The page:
This past weekend, I was able to head back home for the first time after moving into college almost a month ago. The time has really flown by, and it sometimes still feels odd to have been living in a new place for a while. I didn’t bring a car with to campus, and so my dad picked me up outside the dorm before handing over the keys. Taking the wheel, I realized I hadn’t driven in almost a month. That was a shocking realization, considering how constant driving has been to me since I turned 16.
It’s been three years now since I obtained my driver’s license, in September of 2015, and I remember that feeling of nervousness turned to excitement as the DVS tester announced I had passed the road test. Months of classes and logging driving hours had finally paid off, and that freedom of driving a car that people here in the United States always talk about was finally accessible to me.
This is not to say I was going to go crazy with this newfound privilege. Driving is a serious matter, especially considering the prevalence of car accidents. I made sure to always know where I was going, obey speed limits and stay aware when dealing with other drivers. My phone, as common sense dictates, would stay in my pocket.
Covering for safety, the possibilities and autonomy allowed by driving were endless. There was no more having to rely on a parent for pickup following an extracurricular activity after school. I could get a regular job and have a schedule of my own to follow to get there on time. I could run errands if I needed to without asking for someone to drive me there. It was a truly liberating feeling.
Since this is so ingrained into our culture, the driving age of 16 and ensuing freedom that results through the end of high school, I think we can almost take it for granted. When I visited Germany last summer, I experienced a very different world than what we have here. To start, their driving age is 18, and their hour and monetary commitments are much heavier than ours. This includes a first-aid course, required class time instruction, theory and road test, and an average cost of almost $2,000 U.S.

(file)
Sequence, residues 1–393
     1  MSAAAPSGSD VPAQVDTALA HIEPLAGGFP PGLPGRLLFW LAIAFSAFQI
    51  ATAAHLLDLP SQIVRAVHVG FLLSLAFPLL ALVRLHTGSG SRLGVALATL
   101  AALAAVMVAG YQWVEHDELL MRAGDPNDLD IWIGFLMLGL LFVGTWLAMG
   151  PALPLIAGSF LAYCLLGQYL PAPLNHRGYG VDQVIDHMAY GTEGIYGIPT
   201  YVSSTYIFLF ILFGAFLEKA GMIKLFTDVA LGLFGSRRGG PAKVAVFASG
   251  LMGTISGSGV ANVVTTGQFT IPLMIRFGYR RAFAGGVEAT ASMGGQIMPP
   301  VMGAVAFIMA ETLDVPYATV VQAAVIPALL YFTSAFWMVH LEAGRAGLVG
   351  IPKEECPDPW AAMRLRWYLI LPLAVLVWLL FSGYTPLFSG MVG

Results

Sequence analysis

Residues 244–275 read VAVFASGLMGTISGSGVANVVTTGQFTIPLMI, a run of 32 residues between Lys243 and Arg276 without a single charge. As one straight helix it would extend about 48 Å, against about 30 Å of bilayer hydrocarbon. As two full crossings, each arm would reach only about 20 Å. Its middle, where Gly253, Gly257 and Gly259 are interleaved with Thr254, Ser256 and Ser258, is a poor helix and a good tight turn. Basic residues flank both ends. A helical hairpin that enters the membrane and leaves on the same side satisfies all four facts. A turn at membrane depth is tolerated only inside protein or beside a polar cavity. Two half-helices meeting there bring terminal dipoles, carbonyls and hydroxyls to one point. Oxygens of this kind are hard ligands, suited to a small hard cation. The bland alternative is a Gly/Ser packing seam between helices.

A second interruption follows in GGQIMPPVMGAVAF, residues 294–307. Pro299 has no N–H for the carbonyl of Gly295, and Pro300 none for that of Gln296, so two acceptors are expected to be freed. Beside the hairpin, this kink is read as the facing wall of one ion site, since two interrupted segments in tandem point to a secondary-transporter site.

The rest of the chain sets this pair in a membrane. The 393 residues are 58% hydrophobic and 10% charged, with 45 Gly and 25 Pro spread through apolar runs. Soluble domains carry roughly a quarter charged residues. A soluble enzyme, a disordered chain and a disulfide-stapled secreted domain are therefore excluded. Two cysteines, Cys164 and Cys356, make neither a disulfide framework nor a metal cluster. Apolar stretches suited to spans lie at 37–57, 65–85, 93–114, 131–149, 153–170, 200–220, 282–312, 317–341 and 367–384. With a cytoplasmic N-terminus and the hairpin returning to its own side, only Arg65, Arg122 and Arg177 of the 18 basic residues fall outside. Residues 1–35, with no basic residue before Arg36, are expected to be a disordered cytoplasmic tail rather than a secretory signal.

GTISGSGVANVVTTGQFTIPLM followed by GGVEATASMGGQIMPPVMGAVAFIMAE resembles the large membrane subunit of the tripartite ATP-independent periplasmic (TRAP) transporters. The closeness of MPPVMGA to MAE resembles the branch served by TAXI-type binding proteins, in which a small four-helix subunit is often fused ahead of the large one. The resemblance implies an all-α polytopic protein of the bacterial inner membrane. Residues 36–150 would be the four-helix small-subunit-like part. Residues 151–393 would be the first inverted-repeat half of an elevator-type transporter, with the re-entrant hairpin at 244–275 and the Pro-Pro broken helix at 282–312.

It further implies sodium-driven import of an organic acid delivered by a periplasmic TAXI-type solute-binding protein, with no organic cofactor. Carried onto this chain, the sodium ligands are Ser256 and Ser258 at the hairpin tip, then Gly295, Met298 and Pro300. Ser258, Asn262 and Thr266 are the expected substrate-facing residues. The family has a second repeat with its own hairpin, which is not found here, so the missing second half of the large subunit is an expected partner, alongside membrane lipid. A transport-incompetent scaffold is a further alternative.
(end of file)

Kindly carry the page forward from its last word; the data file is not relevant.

As a result, and since Germany is in many ways a more urbanized, compact country than us, many young people have little to no need for driver’s licenses. Especially in the big cities, many options of public transportation are used instead. Many never get that “joy of the open road” early in life and some don’t even purchase a car.
And that might be a growing trend here, as some studies have shown the number of high schoolers getting driver’s licenses has fallen during the last few years. That’s a statistic that really stood out to me, considering my own feelings about driving. I suppose some might say lazy young people may be blamed, but the requirements and cost of obtaining a license have gone up steadily throughout the years, and so it might no longer be practical for some, especially with alternatives growing in many places.
From my point of view, driving, ever since Henry Ford put in within reach of the masses with the Model T, is a quintessentially American tradition. It extends from our national character. We are ambitious, fun-loving and adventurous people, and so being able to go from place to place made us even more autonomous than before. Traditions such as road trips and camping were developed from those first cars, and have been a part of the national fabric ever since. So the next time you turn those keys into the ignition, be sure to remember your first experience behind the wheel, that thrill of newfound freedom. I do, and it’s a memory I will always have with me.
Connor Kockler is a student at St. John’s University. He enjoys writing, politics, and news, among other interests.